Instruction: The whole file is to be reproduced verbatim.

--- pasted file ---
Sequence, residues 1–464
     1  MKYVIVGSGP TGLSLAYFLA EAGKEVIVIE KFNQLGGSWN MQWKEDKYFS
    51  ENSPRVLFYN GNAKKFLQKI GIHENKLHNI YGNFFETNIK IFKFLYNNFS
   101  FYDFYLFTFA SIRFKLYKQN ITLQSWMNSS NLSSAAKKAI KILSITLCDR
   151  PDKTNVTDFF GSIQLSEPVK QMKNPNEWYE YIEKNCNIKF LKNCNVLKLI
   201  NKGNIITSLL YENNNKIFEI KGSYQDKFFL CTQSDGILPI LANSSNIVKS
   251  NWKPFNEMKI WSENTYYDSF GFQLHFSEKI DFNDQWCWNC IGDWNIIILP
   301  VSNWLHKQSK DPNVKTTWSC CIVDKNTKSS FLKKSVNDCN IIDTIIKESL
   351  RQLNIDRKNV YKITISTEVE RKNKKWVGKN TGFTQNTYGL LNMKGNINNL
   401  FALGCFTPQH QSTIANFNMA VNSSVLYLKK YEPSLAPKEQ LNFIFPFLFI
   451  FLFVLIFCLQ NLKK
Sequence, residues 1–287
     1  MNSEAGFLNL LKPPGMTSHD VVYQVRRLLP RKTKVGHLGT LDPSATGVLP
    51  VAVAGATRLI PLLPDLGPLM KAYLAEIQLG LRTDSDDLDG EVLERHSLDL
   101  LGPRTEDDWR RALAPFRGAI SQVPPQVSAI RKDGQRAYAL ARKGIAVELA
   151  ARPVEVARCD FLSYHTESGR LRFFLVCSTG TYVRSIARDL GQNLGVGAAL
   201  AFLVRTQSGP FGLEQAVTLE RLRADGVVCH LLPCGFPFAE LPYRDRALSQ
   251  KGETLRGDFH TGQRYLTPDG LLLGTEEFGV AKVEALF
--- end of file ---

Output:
Sequence, residues 1–464
     1  MKYVIVGSGP TGLSLAYFLA EAGKEVIVIE KFNQLGGSWN MQWKEDKYFS
    51  ENSPRVLFYN GNAKKFLQKI GIHENKLHNI YGNFFETNIK IFKFLYNNFS
   101  FYDFYLFTFA SIRFKLYKQN ITLQSWMNSS NLSSAAKKAI KILSITLCDR
   151  PDKTNVTDFF GSIQLSEPVK QMKNPNEWYE YIEKNCNIKF LKNCNVLKLI
   201  NKGNIITSLL YENNNKIFEI KGSYQDKFFL CTQSDGILPI LANSSNIVKS
   251  NWKPFNEMKI WSENTYYDSF GFQLHFSEKI DFNDQWCWNC IGDWNIIILP
   301  VSNWLHKQSK DPNVKTTWSC CIVDKNTKSS FLKKSVNDCN IIDTIIKESL
   351  RQLNIDRKNV YKITISTEVE RKNKKWVGKN TGFTQNTYGL LNMKGNINNL
   401  FALGCFTPQH QSTIANFNMA VNSSVLYLKK YEPSLAPKEQ LNFIFPFLFI
   451  FLFVLIFCLQ NLKK
Sequence, residues 1–287
     1  MNSEAGFLNL LKPPGMTSHD VVYQVRRLLP RKTKVGHLGT LDPSATGVLP
    51  VAVAGATRLI PLLPDLGPLM KAYLAEIQLG LRTDSDDLDG EVLERHSLDL
   101  LGPRTEDDWR RALAPFRGAI SQVPPQVSAI RKDGQRAYAL ARKGIAVELA
   151  ARPVEVARCD FLSYHTESGR LRFFLVCSTG TYVRSIARDL GQNLGVGAAL
   201  AFLVRTQSGP FGLEQAVTLE RLRADGVVCH LLPCGFPFAE LPYRDRALSQ
   251  KGETLRGDFH TGQRYLTPDG LLLGTEEFGV AKVEALF